Category: PowerLinks

Blog author: jcarter
Tuesday, July 19, 2016
By

How American Corporations Shaped Conservative Christianity
David A. Bosch, TGC

Christians have been involved in the marketplace for as long as Christians and markets have existed. The Blessings of Business: How Corporations Shaped Conservative Christianity by Darren Grem catalogues how Christian men not only have been involved in business, but also shaped 20th-century conservative Christianity in the United States.

Is Liberalism A Heresy?
Francesca Aran Murphy, First Things

Why liberalism and a market economy are based on Christianity.

Why Americans Love The Sharing Economy
Jared Meyer, The Federalist

Regulators, who are still attempting to respond to the creation of the Internet, will never catch up to America’s entrepreneurs.

Providing Real, Active Help for the Unemployed
John Kyle, Institute for Faith, Work, and Economics

Losing your job stinks. Getting fired, laid off, or going bankrupt – the form it takes doesn’t matter. It feels terrible.

Blog author: jcarter
Monday, July 18, 2016
By

We Need to Talk About Downward Mobility
The American Interest

Low levels of social mobility, more than raw inequality or slow growth, is probably the greatest challenge facing the American political-economic system today.

Africa is moving toward a massive and important free trade agreement
Luke Warford, Washington Post

African heads of state and government officials are meeting this week in Kigali, Rwanda, for the 27th African Union Summit. On their agenda will be taking the next steps to establish a free-trade area that would include all 54 African countries — which could be up and running by the end of 2017.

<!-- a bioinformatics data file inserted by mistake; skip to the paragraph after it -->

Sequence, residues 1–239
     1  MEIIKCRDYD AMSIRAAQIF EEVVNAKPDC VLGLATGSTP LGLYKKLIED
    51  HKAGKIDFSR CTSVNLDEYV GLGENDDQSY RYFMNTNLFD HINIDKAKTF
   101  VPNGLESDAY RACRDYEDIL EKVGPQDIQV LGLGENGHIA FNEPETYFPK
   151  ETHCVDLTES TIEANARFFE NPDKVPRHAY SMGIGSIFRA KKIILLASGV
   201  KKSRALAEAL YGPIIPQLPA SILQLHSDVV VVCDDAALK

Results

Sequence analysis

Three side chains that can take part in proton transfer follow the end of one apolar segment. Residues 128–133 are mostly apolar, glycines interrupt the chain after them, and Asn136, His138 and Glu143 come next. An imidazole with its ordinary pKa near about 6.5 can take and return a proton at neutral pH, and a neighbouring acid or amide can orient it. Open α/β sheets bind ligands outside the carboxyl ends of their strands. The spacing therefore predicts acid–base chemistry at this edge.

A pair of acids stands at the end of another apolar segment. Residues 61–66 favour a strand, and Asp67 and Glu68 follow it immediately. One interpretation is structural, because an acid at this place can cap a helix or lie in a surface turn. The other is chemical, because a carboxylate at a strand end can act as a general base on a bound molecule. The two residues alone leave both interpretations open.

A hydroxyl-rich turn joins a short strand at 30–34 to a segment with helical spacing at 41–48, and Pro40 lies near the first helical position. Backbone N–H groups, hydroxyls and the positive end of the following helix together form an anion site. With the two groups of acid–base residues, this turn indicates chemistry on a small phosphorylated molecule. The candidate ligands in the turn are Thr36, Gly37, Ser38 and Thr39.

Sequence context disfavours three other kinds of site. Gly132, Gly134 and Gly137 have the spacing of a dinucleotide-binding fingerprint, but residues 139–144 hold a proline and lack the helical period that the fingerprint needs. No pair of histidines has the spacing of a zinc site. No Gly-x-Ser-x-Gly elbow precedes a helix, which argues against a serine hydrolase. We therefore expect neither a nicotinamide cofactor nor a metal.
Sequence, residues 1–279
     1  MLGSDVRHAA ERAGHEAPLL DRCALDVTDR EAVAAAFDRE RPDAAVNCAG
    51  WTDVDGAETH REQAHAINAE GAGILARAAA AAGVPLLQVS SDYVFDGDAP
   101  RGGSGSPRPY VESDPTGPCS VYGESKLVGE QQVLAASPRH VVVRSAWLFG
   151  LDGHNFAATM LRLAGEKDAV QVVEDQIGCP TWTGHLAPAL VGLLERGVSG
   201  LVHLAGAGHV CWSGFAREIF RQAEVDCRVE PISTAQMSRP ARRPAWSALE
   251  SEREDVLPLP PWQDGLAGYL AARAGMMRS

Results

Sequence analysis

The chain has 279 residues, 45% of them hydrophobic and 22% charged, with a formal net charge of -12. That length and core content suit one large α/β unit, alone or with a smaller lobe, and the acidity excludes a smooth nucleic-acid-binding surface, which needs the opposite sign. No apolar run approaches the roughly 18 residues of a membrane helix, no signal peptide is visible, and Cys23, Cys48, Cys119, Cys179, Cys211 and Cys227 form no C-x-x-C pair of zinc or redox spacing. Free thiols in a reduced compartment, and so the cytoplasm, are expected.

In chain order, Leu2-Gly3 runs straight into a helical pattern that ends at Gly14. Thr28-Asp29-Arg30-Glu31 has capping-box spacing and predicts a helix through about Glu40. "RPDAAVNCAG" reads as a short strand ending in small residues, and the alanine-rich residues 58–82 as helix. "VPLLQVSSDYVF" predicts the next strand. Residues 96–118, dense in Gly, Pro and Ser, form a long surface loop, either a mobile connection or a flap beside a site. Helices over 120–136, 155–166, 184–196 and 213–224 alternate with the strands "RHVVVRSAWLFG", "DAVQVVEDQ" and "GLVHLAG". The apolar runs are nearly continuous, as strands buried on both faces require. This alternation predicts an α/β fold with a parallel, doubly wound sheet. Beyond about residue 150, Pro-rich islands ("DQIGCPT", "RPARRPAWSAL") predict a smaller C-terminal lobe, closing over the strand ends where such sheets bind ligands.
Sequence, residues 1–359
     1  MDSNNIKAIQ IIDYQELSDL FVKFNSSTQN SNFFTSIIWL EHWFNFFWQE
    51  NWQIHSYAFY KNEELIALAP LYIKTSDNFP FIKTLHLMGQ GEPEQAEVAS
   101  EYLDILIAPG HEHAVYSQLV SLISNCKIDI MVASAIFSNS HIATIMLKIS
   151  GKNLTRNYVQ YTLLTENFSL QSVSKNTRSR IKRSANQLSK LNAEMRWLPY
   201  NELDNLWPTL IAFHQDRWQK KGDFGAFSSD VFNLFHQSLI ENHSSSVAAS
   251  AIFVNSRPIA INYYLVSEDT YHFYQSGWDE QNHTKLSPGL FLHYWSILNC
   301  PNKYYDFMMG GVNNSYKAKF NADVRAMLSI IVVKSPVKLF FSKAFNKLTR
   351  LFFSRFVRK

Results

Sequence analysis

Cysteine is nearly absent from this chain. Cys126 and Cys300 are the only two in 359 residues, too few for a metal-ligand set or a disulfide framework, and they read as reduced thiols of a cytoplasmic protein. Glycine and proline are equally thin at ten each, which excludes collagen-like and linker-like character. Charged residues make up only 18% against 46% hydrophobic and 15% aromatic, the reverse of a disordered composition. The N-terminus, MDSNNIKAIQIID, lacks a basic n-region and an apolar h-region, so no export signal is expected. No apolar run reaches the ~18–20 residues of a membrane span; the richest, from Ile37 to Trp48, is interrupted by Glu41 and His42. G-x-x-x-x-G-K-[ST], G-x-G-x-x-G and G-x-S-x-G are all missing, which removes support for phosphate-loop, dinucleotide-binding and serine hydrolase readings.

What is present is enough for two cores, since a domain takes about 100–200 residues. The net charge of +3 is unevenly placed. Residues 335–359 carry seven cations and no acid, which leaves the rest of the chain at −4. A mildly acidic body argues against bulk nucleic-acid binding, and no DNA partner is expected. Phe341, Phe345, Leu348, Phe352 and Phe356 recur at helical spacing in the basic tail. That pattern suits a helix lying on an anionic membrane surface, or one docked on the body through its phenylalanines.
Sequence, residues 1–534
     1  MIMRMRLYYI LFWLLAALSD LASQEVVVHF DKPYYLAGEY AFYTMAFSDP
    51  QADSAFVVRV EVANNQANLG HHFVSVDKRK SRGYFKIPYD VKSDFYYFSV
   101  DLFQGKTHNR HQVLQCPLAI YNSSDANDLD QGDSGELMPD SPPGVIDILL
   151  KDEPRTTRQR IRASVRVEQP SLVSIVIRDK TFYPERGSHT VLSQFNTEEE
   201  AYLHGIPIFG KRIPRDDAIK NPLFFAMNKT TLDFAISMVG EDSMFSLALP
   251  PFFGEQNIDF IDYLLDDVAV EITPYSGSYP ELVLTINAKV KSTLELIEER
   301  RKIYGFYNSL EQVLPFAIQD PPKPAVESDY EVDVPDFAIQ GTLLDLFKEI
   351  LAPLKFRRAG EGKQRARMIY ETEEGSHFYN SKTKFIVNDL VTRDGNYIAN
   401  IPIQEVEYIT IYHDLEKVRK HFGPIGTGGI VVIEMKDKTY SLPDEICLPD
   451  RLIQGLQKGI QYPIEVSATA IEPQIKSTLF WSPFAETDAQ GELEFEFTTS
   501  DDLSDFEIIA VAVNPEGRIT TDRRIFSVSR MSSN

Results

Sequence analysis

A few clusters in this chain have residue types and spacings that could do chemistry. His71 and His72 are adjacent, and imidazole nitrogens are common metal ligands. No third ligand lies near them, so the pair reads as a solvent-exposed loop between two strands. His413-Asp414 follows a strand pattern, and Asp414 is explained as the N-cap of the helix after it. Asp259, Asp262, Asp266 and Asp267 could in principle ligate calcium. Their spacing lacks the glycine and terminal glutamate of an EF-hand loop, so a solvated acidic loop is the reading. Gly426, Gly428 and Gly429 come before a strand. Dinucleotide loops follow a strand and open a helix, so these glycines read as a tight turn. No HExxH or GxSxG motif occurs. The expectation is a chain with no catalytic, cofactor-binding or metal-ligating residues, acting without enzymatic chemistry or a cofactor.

How Girls in Blue-Collar Communities Are Being Left Behind
Emily Deruy, The Atlantic

Schools often offer vocational classes at the expense of advanced courses, which can leave young women with few options.

Fed Economists Try to Portray Bitcoin as a Fiat Currency
Demelza Hays, FEE

A University of Pennsylvania economics professor and an advisor to the Philadelphia Federal Reserve recently released a working paper claiming that Bitcoin is a fiat currency.

Blog author: jcarter
Friday, July 15, 2016
By

Poverty and Policy
R. Shep Melnick, Claremont Review of Books

This strange understanding of “welfare” informs the book’s misleading title. Unlike the hundreds of millions of people around the world who live in extreme poverty, none of the families profiled in $2 a Day actually lives on…$2 a day.

Free Trade and Catholic Social Teaching
Stephen M. Krason, Crisis Magazine

It is shaping up that one of the major issues this election year is going to be free trade and the international trade deals that the U.S. has negotiated over the past quarter-century.

How Conservative Policy Can Create The Conditions For Upward Mobility
Evan Smith, Opportunity Lives

As many Americans know too well, ours is an age of stagnant wages and rising costs, of economic anxiety and stress, and of uncertainty as to what will come next.

The Simple Reason Most Regulations Are Harmful
Scott Sumner, FEE

One of the most basic ideas in economics is that the vast majority of regulations are harmful. Here’s a simple example.

Blog author: jcarter
Thursday, July 14, 2016
By

Is Homelessness Only a Housing Problem?
Stephen Eide, Family Studies

Is homelessness purely a housing problem, or do norms and family structure play a role?

The Double Standard on Low-Wage Work
A. Barton Hinkle, Reason.com

Democrats love unpaid interns. Republicans more likely to pay them.

The Capitalist’s Imagination
Brooke Harrington, The Atlantic

The German sociologist Jens Beckert argues that literary theory can help explain what economics fails to.